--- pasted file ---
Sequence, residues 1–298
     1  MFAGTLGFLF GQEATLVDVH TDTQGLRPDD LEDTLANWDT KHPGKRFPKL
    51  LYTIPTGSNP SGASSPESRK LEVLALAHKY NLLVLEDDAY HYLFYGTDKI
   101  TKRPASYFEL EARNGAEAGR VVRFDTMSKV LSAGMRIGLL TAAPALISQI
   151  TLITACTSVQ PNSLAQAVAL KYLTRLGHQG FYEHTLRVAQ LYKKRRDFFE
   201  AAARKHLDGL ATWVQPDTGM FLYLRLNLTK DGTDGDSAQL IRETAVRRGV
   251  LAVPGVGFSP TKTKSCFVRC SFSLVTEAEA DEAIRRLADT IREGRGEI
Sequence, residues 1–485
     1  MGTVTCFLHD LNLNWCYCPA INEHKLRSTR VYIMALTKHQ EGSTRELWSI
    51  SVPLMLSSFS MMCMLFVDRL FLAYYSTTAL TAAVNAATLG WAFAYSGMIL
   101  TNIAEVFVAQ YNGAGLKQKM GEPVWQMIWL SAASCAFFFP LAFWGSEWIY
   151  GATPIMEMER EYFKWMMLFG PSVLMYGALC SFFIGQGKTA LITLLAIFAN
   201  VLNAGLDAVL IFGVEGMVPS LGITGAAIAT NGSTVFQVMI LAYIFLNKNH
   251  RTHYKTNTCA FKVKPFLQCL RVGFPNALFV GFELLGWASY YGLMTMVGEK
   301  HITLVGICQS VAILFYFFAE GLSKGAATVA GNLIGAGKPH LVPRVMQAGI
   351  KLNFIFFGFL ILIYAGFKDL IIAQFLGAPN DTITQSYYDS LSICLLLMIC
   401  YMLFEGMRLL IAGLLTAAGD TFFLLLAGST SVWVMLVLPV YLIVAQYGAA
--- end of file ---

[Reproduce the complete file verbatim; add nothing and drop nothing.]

Sequence, residues 1–298
     1  MFAGTLGFLF GQEATLVDVH TDTQGLRPDD LEDTLANWDT KHPGKRFPKL
    51  LYTIPTGSNP SGASSPESRK LEVLALAHKY NLLVLEDDAY HYLFYGTDKI
   101  TKRPASYFEL EARNGAEAGR VVRFDTMSKV LSAGMRIGLL TAAPALISQI
   151  TLITACTSVQ PNSLAQAVAL KYLTRLGHQG FYEHTLRVAQ LYKKRRDFFE
   201  AAARKHLDGL ATWVQPDTGM FLYLRLNLTK DGTDGDSAQL IRETAVRRGV
   251  LAVPGVGFSP TKTKSCFVRC SFSLVTEAEA DEAIRRLADT IREGRGEI
Sequence, residues 1–485
     1  MGTVTCFLHD LNLNWCYCPA INEHKLRSTR VYIMALTKHQ EGSTRELWSI
    51  SVPLMLSSFS MMCMLFVDRL FLAYYSTTAL TAAVNAATLG WAFAYSGMIL
   101  TNIAEVFVAQ YNGAGLKQKM GEPVWQMIWL SAASCAFFFP LAFWGSEWIY
   151  GATPIMEMER EYFKWMMLFG PSVLMYGALC SFFIGQGKTA LITLLAIFAN
   201  VLNAGLDAVL IFGVEGMVPS LGITGAAIAT NGSTVFQVMI LAYIFLNKNH
   251  RTHYKTNTCA FKVKPFLQCL RVGFPNALFV GFELLGWASY YGLMTMVGEK
   301  HITLVGICQS VAILFYFFAE GLSKGAATVA GNLIGAGKPH LVPRVMQAGI
   351  KLNFIFFGFL ILIYAGFKDL IIAQFLGAPN DTITQSYYDS LSICLLLMIC
   401  YMLFEGMRLL IAGLLTAAGD TFFLLLAGST SVWVMLVLPV YLIVAQYGAA